Overview of Hinduism

Hinduism is a very old religion. Indeed, it is the oldest major religion that is still practiced around the world today. It is unknown how and when Hinduism began, or who founded the religion. Whilst Hinduism is particularly common in India and nearby areas, it has spread around the world, including to Singapore. It is amongst the main religions followed in Singapore today.

If you’re keen to know more about Hinduism, here are some basic facts to help you out:

Beginning of Hinduism

Whilst nobody really knows when Hinduism began, it is known that it started in India. Although it is common around the country, and there are many sacred temples and shrines throughout India, the city of Varanasi is especially significant. Varanasi sits on the banks of the River Ganges, itself considered to be a very holy river, and is one of India’s most sacred places. It is also one of the most important places for Hindus in general, from all over the world.

Different Schools and Branches of Hinduism

Hinduism has three main branches – Vaishnva, Shaiva, and Shakti. These different branches can be combined together though, and it is not uncommon for Hindus to follow different parts of each varying belief system. Several other religions can trace their roots back to Hinduism, and there are also those that have been heavily influenced by Hinduism. They include Buddhism, Sikhism, and Jainism.

Concept of One God

There is a belief in one singular divine being, or god, within Hinduism. Whilst there are many depictions and forms of this one god, the different deities are said to be the numerous incantations of a solo supreme god. The Hindu god has no gender, and can assume different roles as required. Some famous forms of the Hindu god include the elephant deity of Ganesha, said to be the god of wisdom, Rama, who represents virtue, Krishna, who stands for love, joy, and happiness, and Shiva, the destroyer. Devotees can seek out a particular form of the god depending on their needs at any particular time, but, ultimately, all Hindus worship the same one god.

Religious Teachings

Teachers within the Hindu faith are called gurus. Their purpose is to assist people with learning and developing their own spirituality. There is no head of the religion, however. Teachings are taken from the ancient scripts, known as Vedas. There is little cohesion between the Vedas and, unlike many other global religions, there is not one singular religious book that Hindus must learn and follow.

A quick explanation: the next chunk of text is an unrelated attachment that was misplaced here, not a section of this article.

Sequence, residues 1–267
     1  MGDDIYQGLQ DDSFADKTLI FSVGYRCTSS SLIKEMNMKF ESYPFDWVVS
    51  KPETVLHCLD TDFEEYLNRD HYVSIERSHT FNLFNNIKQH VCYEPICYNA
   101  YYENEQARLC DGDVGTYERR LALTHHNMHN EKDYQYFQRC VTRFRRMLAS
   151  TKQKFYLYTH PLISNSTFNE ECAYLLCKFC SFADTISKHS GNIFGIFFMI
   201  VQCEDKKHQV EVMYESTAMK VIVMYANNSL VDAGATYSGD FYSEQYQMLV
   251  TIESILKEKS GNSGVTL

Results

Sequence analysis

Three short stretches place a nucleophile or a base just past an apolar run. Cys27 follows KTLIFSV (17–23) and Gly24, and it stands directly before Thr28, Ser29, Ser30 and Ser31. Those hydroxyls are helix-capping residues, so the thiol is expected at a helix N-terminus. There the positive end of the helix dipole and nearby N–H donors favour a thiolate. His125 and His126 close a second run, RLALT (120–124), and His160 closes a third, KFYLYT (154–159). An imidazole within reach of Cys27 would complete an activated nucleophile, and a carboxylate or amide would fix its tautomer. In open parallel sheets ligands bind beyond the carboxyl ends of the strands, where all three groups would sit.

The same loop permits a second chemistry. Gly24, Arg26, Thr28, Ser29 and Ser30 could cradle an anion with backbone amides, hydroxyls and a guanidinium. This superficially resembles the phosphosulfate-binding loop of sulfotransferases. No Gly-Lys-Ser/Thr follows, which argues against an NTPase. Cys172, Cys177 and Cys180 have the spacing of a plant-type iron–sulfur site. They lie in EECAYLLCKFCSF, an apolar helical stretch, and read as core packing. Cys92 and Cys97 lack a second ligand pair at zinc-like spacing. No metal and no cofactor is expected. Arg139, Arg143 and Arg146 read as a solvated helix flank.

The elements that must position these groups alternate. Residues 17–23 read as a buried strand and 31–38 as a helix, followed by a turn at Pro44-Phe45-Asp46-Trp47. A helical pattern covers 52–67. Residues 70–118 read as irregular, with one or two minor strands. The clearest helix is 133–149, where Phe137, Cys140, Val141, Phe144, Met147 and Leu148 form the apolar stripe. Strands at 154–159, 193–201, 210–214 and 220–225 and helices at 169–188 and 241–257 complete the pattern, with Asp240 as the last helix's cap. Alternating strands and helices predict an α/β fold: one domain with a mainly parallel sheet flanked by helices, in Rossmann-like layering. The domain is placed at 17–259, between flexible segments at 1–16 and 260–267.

Common Ideas

Hindus believe that people should live in harmony with the universe, nature, and the cosmos, a concept that is known as Dharma. The principle of Karma is a part of Hinduism, whereby people affect their own outcome based on their actions. Karma is essentially the cause and effect of actions. Reincarnation is another common belief within Hinduism, with followers believing in a cycle of birth, death, and rebirth. Some Hindus practice yoga, some meditate, others are avid astrologers, and there are those who practice tantra.

Stages of Life

A Hindu passes through four stages, known as ashramas, in their life. A person is said to be in Brahmacharya when they are young and still learning about the religion, the world, and life. The next stage is Grihastha, and this is the stage in which a person typically works, earns a living, gets married, and starts a family. When a person retires and has raised their family they enter the stage of Vanaprastha. And the final stage is called Sanyasa. This is the stage in which people should cast off any worldly ties and move to a spiritual place, in preparation for death.

Hinduism is quite a complex religion, with many things to learn. This is a very basic overview to help you understand more about one of the oldest religions in the world, and one of the major religions practised in Singapore.

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